Morwell’s residential real estate market is still recovering from the far-reaching impacts of the 2014 Hazelwood mine fire, where median house prices took a 9.9 per cent dive last financial year.
According to data released by the Real Estate Institute of Victoria, Morwell’s drop was only surpassed by Moe, were the median house price took an 11.4 per cent hit over the same period.
This comes against a marginal increase across the whole of the Latrobe Valley, where average sale values rose 1.5 per cent.
Nathan Klep, of Rennie Property Sales, said the Valley’s meagre increase was in line with a “slow moving price-driven market”.
“The average days spent by a house on the market is 150 days in the Valley. Compared to Melbourne that’s very slow moving,” Mr Klep said.
He said Morwell’s real estate fortunes were yet to recover from the ongoing poor publicity associated with the Hazelwood mine fire.
“The mine fire totally shut things down in Morwell for a period of time, unfortunately you had the effect of investors and people looking to get out of the area,” he said.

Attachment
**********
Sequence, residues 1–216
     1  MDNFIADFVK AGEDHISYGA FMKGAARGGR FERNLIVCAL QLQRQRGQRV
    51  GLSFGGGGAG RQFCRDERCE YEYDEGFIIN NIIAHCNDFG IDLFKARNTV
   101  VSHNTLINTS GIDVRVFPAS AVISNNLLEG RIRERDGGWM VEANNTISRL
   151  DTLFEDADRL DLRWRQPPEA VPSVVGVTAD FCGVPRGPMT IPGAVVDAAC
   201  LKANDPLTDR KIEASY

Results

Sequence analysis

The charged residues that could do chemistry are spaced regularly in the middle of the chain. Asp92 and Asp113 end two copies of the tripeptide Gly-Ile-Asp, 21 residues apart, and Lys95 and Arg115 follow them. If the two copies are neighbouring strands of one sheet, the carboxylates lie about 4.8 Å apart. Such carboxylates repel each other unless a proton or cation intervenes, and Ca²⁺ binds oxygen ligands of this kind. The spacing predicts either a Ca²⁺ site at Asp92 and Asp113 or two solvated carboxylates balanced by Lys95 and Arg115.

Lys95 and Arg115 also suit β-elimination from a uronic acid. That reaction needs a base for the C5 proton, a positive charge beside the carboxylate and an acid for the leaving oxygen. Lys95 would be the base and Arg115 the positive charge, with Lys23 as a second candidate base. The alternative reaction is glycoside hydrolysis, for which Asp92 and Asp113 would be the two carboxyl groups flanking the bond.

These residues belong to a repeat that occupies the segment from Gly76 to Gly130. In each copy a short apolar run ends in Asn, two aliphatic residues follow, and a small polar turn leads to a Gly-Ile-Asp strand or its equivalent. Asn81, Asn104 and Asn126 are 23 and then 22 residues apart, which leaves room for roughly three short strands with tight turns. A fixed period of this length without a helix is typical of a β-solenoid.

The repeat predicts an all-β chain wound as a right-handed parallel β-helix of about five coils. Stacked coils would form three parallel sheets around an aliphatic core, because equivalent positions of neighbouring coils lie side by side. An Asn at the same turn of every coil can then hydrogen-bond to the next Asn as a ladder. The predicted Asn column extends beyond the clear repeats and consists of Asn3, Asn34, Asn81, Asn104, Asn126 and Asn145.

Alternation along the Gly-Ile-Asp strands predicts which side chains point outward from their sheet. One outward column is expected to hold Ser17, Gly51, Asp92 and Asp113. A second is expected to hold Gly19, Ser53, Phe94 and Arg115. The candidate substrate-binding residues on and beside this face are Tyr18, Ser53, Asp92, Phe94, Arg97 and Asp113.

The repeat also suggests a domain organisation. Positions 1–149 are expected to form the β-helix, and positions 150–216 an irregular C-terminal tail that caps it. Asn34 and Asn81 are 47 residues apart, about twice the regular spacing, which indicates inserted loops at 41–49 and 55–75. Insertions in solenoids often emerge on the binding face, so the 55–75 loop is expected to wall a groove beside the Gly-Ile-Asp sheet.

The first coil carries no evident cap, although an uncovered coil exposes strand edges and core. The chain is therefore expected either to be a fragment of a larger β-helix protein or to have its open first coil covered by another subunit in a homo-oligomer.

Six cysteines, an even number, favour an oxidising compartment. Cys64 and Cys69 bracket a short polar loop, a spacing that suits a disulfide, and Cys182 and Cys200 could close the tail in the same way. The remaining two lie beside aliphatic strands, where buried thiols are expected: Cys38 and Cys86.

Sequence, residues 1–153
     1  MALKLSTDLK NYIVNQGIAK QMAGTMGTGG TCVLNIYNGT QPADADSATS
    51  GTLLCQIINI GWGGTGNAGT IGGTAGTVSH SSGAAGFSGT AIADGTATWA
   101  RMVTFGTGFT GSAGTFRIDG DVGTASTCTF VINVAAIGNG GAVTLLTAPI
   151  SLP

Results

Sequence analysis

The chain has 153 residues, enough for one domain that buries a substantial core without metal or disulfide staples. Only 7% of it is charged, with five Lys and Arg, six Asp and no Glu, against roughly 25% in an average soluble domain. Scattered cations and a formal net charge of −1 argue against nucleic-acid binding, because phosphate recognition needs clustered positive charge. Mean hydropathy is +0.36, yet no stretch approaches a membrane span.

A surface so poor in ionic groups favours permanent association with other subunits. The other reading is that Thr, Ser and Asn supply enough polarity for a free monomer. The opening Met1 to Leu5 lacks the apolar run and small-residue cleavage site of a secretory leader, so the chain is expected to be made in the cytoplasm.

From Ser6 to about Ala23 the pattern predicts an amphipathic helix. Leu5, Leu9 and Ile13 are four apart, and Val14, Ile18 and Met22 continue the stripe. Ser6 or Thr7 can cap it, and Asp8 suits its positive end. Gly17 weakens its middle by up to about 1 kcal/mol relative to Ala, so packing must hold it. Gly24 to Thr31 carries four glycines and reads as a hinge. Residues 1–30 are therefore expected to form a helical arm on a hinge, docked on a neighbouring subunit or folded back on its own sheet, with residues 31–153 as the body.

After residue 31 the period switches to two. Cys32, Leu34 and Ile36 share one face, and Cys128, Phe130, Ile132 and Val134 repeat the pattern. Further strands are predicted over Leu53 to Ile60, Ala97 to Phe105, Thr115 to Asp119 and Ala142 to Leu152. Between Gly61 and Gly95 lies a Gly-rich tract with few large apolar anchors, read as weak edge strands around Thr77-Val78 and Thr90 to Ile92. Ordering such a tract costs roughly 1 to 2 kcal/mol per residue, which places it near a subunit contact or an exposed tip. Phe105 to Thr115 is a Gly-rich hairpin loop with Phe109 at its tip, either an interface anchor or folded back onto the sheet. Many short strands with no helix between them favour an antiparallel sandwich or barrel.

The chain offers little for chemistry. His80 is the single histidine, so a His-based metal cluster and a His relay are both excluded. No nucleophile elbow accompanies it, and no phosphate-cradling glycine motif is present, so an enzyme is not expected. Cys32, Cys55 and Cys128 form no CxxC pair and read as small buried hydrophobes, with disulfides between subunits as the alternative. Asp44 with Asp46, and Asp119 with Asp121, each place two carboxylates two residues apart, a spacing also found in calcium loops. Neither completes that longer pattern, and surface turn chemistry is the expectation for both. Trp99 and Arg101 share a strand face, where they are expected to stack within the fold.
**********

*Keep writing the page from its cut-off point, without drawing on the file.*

“And now you’ve got the Hazelwood Mine Fire Inquiry reopening, it certainly doesn’t help the outlook for the whole of the Valley.”
Meanwhile, home sellers in Hazelwood North, Newborough and Churchill enjoyed the biggest annual price jumps, experiencing surges of 12.7, 6.5 and 5.3 per cent respectively.
“Farmlets are the main things moving at the moment in places like Yinnar and Churchill, where there are small homes on acreages which are still close to main services, but with luxury of rural living,” Mr Klep said.
“They are pretty hot at the moment, and you’re seeing those figures for Hazelwood North there, where it’s pretty much always been the case.
“You’ve got bigger families and younger families looking for that relaxed country lifestyle in these three to five acre lots.
“Hazelwood North certainly is the pick of them, it’s seen as the prestigious part of the Valley right now.”
Further afield, the big real estate mover was South Gippsland, where average values increased 17.1 per cent.
This was followed by Wellington Shire, where a seven per cent increase was largely attributed to a 28.5 per cent spike in Heyfield over the past 12 months.